We spent a lot of time looking at the incredibly ornate greenhouses, where they have examples of the plants they use as botanicals.
There plants in the greenhouses aren't actually used in the gin though, so are strictly part of the tourist attraction.
|The golden lemon is not made but grows on a green tree|
This was all good fun but really I wanted technical details about the stills. I've long had a suspicion that gin distilling is quite frankly on the boring side. The do after all start with grain neutral spirit at 96.3% ABV so as far as I can see the interesting bit has already been done.
This didn't explain why a column with cooling could be clearly seen on top of the stills, I'm pleased to say it was all in the mag. They have two pairs of stills, this is one of the 3000L ones:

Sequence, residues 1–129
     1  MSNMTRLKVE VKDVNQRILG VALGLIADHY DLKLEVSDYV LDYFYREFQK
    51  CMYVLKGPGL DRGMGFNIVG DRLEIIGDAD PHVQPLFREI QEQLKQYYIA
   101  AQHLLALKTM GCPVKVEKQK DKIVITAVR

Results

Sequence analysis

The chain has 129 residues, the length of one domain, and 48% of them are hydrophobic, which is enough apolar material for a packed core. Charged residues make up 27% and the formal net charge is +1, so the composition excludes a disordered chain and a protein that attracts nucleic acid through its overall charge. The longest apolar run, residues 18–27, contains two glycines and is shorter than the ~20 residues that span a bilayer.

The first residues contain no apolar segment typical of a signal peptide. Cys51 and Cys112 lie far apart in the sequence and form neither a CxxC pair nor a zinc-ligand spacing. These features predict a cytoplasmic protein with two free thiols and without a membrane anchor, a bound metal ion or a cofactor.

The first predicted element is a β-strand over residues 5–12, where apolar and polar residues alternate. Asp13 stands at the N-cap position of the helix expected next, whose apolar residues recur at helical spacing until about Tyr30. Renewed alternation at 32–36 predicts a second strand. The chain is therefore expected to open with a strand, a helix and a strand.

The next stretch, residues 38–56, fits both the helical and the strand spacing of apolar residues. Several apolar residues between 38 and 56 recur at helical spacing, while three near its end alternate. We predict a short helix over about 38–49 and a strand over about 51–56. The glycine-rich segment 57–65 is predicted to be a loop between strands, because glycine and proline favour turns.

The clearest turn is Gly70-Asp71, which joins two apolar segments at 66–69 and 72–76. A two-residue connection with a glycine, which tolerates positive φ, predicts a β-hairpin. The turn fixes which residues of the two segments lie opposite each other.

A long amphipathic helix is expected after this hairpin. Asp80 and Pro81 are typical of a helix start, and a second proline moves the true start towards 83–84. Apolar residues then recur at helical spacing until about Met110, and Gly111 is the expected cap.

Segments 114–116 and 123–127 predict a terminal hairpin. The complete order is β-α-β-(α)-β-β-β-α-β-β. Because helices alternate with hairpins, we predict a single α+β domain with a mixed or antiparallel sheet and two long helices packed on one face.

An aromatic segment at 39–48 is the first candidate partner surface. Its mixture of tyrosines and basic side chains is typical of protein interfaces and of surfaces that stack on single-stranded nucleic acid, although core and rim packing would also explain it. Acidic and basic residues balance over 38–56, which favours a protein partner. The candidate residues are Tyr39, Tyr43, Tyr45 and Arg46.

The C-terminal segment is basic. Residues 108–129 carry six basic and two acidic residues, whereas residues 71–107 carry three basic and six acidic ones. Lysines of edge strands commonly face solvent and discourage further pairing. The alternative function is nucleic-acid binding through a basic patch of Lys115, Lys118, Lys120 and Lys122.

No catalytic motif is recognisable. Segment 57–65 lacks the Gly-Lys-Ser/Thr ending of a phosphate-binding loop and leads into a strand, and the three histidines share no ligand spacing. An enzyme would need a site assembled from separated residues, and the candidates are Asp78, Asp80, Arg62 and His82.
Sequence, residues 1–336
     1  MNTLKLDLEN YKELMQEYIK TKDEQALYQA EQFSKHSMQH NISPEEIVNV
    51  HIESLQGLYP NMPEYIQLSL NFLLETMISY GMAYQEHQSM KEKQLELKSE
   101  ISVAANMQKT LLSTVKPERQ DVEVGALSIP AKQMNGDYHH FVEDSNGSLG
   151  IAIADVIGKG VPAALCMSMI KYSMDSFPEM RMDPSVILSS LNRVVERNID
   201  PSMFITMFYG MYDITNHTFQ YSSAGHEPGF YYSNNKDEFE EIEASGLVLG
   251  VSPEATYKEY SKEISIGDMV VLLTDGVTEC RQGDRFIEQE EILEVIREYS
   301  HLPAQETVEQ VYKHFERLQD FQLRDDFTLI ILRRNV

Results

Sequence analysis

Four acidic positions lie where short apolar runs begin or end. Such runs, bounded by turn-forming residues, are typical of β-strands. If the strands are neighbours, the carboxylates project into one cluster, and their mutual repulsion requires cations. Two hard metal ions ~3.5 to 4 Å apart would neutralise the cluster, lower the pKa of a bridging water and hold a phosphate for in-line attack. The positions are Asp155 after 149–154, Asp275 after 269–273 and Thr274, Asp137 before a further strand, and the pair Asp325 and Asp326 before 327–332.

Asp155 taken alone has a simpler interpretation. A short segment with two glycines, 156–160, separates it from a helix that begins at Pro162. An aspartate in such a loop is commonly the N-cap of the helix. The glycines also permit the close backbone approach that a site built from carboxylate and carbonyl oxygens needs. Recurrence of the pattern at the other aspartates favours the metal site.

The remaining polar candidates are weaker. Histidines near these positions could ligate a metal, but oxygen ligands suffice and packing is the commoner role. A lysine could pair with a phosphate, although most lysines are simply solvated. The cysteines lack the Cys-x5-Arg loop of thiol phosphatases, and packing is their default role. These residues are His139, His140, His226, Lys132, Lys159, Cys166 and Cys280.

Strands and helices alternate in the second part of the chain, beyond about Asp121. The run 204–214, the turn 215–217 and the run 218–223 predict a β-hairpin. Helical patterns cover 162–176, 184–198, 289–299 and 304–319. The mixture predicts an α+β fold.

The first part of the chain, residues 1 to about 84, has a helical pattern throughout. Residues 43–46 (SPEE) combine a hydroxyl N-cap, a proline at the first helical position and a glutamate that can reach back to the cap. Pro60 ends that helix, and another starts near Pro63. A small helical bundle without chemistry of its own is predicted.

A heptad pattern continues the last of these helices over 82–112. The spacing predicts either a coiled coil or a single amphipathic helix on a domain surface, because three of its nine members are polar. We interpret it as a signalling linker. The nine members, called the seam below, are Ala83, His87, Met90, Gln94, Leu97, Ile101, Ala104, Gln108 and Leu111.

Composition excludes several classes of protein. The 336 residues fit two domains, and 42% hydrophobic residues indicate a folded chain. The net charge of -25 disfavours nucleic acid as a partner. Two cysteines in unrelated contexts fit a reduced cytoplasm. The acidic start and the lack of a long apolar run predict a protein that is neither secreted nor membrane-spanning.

It's to an 1830s design and has nine plates in the column, presumably from when spirits were less pure. The Grain Neutral Spirit (GNS) is diluted to 80% ABV before distillation, which helps ensure the still doesn't run dry, and the botanicals aren't boiled in the spirit, instead the vapour goes to in infuser which contains them. The distillation temperature is 79°C.
|The larger 12000L stills|
They made of big show of making the cocktails and I dare say they know their stuff but they're not really my thing. Had I not been driving and had there been more time it would have been interesting to work my way though their offerings though.
As it is most gin that comes my way ends up as sloe gin and I don't think I'll be investing in a cocktail shaker any time soon.